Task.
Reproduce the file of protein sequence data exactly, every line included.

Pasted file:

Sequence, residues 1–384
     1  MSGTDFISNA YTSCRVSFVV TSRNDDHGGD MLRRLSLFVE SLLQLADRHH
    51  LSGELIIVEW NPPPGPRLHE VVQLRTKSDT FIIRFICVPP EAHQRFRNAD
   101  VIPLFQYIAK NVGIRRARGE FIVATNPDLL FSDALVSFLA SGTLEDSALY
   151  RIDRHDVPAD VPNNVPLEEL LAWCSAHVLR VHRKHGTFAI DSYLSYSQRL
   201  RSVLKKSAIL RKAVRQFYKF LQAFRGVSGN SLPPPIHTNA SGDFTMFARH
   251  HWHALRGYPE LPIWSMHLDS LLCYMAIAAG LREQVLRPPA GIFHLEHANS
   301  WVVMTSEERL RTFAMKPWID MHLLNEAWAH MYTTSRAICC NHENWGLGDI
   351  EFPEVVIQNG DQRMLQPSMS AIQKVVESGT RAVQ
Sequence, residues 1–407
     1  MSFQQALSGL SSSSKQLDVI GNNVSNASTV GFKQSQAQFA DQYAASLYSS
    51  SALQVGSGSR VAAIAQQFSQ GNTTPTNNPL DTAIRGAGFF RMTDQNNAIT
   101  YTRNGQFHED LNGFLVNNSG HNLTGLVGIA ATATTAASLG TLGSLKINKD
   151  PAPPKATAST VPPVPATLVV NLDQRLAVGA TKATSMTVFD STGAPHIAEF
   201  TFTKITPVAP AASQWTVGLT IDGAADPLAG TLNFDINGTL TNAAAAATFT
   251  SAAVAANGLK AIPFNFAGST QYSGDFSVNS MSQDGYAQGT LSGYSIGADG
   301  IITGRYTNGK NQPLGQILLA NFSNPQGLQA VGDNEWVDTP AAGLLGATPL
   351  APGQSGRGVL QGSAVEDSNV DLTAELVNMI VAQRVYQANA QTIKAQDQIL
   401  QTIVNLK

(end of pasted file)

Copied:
Sequence, residues 1–384
     1  MSGTDFISNA YTSCRVSFVV TSRNDDHGGD MLRRLSLFVE SLLQLADRHH
    51  LSGELIIVEW NPPPGPRLHE VVQLRTKSDT FIIRFICVPP EAHQRFRNAD
   101  VIPLFQYIAK NVGIRRARGE FIVATNPDLL FSDALVSFLA SGTLEDSALY
   151  RIDRHDVPAD VPNNVPLEEL LAWCSAHVLR VHRKHGTFAI DSYLSYSQRL
   201  RSVLKKSAIL RKAVRQFYKF LQAFRGVSGN SLPPPIHTNA SGDFTMFARH
   251  HWHALRGYPE LPIWSMHLDS LLCYMAIAAG LREQVLRPPA GIFHLEHANS
   301  WVVMTSEERL RTFAMKPWID MHLLNEAWAH MYTTSRAICC NHENWGLGDI
   351  EFPEVVIQNG DQRMLQPSMS AIQKVVESGT RAVQ
Sequence, residues 1–407
     1  MSFQQALSGL SSSSKQLDVI GNNVSNASTV GFKQSQAQFA DQYAASLYSS
    51  SALQVGSGSR VAAIAQQFSQ GNTTPTNNPL DTAIRGAGFF RMTDQNNAIT
   101  YTRNGQFHED LNGFLVNNSG HNLTGLVGIA ATATTAASLG TLGSLKINKD
   151  PAPPKATAST VPPVPATLVV NLDQRLAVGA TKATSMTVFD STGAPHIAEF
   201  TFTKITPVAP AASQWTVGLT IDGAADPLAG TLNFDINGTL TNAAAAATFT
   251  SAAVAANGLK AIPFNFAGST QYSGDFSVNS MSQDGYAQGT LSGYSIGADG
   301  IITGRYTNGK NQPLGQILLA NFSNPQGLQA VGDNEWVDTP AAGLLGATPL
   351  APGQSGRGVL QGSAVEDSNV DLTAELVNMI VAQRVYQANA QTIKAQDQIL
   401  QTIVNLK